It seems cliché to say, but as I find myself just weeks away from kissing my twenties goodbye forever and embracing the unbridled adulthood of turning thirty my daily life has become inundated with self-reflection. The boy I was just ten years ago probably wouldn’t recognize the man I have become, or if he did he may think me a sell out. While I still consider music my home and the place I feel most accepted I now work two jobs to keep that roof over my head and to put food in the bellies of my two admittedly obese cats. In fact, music is the only thing outside of immediate family that has remained the same, and I hope that continues to be true as I journey forward in life.

No one ever tells children that one day they may wake to find they have lost their passion for life, but if I have learned anything during my three decades on this planet it’s that such changes happen all the time. We may all dream of doing big things after high school, but the fact of the matter is that most will find something else to do with their time within the first five years after graduation. Some will have families, both planned and unexpected. Some may also find their family needs money or assistance in a way that requires them to abandon dreams to better utilize their time. Still others will simply decide the work is too hard or too much or too engineered against them to be worth continued self-sacrifice.

None of the above reasons given for abandon dreams are wrong or bad per, but none of them have applied to me. As I stare at the red circle I’ve drawn around my thirtieth birthday I find I have the same passion for music and the business of writing about music that I’ve carried for over a decade. It’s what I live for, work for, dream about, and think about on a near-constant basis. It is my life, and I am thrilled that after fifteen years of working whatever jobs or gigs I could find in this industry that I still wake each morning passionate to see what happens next. The same cannot be said for many of my friends, including those I met through my work in music. Some of the definitions above fit while they left, but there are a hundred more reasons why they couldn’t stick with it that just as acceptable. Music may not be for everyone forever, but it is for me.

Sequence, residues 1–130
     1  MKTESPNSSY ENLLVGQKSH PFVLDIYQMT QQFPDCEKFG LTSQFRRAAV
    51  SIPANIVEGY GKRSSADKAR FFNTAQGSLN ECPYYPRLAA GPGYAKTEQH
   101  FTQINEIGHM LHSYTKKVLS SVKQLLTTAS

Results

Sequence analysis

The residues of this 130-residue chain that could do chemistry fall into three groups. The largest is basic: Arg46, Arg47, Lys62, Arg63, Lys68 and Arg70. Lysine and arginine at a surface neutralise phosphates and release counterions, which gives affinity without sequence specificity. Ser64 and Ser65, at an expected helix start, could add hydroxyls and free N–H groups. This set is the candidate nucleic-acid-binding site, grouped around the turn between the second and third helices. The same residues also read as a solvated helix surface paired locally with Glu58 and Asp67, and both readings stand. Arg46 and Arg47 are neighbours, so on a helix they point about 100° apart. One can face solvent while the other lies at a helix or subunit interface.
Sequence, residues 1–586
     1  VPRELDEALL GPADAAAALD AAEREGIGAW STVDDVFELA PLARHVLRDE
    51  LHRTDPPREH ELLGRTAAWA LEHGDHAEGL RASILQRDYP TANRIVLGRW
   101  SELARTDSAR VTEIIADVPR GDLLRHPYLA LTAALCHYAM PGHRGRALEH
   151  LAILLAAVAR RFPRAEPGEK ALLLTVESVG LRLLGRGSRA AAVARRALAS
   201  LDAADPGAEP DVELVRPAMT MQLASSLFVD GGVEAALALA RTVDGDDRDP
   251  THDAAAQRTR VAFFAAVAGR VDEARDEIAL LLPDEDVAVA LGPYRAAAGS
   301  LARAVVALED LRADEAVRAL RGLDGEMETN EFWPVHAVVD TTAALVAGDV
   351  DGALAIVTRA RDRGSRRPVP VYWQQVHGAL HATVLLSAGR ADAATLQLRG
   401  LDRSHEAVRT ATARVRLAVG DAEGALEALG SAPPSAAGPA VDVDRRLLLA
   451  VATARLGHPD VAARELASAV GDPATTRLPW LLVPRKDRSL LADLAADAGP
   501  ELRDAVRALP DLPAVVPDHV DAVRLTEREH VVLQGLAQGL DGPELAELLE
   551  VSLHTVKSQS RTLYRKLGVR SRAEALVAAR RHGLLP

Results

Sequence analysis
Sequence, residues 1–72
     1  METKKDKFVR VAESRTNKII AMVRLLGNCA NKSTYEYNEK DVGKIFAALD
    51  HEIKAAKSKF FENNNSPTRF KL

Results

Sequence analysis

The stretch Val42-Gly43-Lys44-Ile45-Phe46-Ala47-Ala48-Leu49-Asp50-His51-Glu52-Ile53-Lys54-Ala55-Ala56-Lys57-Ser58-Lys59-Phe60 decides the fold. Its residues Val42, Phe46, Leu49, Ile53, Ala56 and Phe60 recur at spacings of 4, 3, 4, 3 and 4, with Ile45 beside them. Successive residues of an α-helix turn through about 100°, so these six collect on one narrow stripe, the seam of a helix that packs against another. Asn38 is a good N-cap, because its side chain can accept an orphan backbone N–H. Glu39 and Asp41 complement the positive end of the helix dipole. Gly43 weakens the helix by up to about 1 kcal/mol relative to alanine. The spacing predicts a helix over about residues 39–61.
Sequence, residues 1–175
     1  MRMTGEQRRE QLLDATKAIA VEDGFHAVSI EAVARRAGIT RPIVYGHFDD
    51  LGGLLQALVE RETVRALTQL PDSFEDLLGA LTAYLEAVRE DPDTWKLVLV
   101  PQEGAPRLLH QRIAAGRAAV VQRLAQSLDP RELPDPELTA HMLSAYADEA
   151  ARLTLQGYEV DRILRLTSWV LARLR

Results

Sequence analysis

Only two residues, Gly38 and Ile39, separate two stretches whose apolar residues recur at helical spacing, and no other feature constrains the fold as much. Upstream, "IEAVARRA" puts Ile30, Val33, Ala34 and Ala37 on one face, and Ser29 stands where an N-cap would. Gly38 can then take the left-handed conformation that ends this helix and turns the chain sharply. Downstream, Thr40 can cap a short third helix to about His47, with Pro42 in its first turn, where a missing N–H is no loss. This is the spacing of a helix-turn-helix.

This is why, or at least I think this is why, earlier this week I found myself falling apart when Brian Marquis released a new song titled “The Romantic”. Brian is a music industry lifer, having spent over a decade touring more or less nonstop as part of numerous bands that reached various levels of success. He’s played packed clubs and empty bars, sometimes on consecutive nights, and still he wakes each day knowing there is nothing else he’d rather due than pursue his passion for music. The road has never been easy, but it’s the only road for him. He may be a father and a husband and a bunch of other things to a bunch of other people, but there is this thing tethering him to music that he knows will be a part of him until they lay him in the ground.

When “The Romantic” opens Marquis is singing in reference to basement concerts held in Allston, a neighborhood in the greater Boston area known for college kids and a culture that caters to their twenty-something tastes. Allston is where you go for overpriced drinks in bars with expensive sound systems and/or late night slices of cheap, albeit very mediocre pizza. It’s also a hot spot for punk bands who cannot get booked into the city’s numerous venues. Bands come to Allston to play illegal shows in basements of homes that have been (sometimes illegally) converted into apartment for anyone willing to listen. These shows are hot, sweaty messes that often end in parties that leave the floor sticky with cheap beer. It’s the kind of place a person learns to be themselves and bands learn whether or not kids actually give a shit. It’s stomping ground, one which Brian and I have both visited in our youth, and the lessons learned from the experiences there never leave you.

As the song moves into its chorus and latter verses we learn the importance of those tiny shows. Now in his thirties, Brian finds he is one of the lucky few whose passion for music has not been erased by the stresses the business of music can produce. He never made it big in the way a top 40 artist might, but he has found a way to make a life for himself and his family that is enough for him. He’s happy because the boy who dreamed of music has become the man whose married to music and playing it regularly for people who pay to hear him sing. That’s all anyone can ever really ask for as an artist, and Brian has been able to make that something that lasts longer than most of his peers could have ever imagined. Does that mean he can do it forever? I don’t know. Brian, like everyone else who chases a dream in music, knows there are no guarantees, but with this song he makes it known he will die on stage if he has anything to say about it.

The lesson I hope you take from this is simple: Chase the things you love with all your might and know if it feels right to you that is more than enough. You don’t need the world to approve of you, just like you don’t need to live your life by the standards you feel the world has placed upon you. The only thing that matters is that you listen to your heart, be kind, and believe in yourself. If you can do all that, which I know first hand is harder than anyone could explain, then you can find joy in this life. Brian has, and he wishes the same for you. I do too.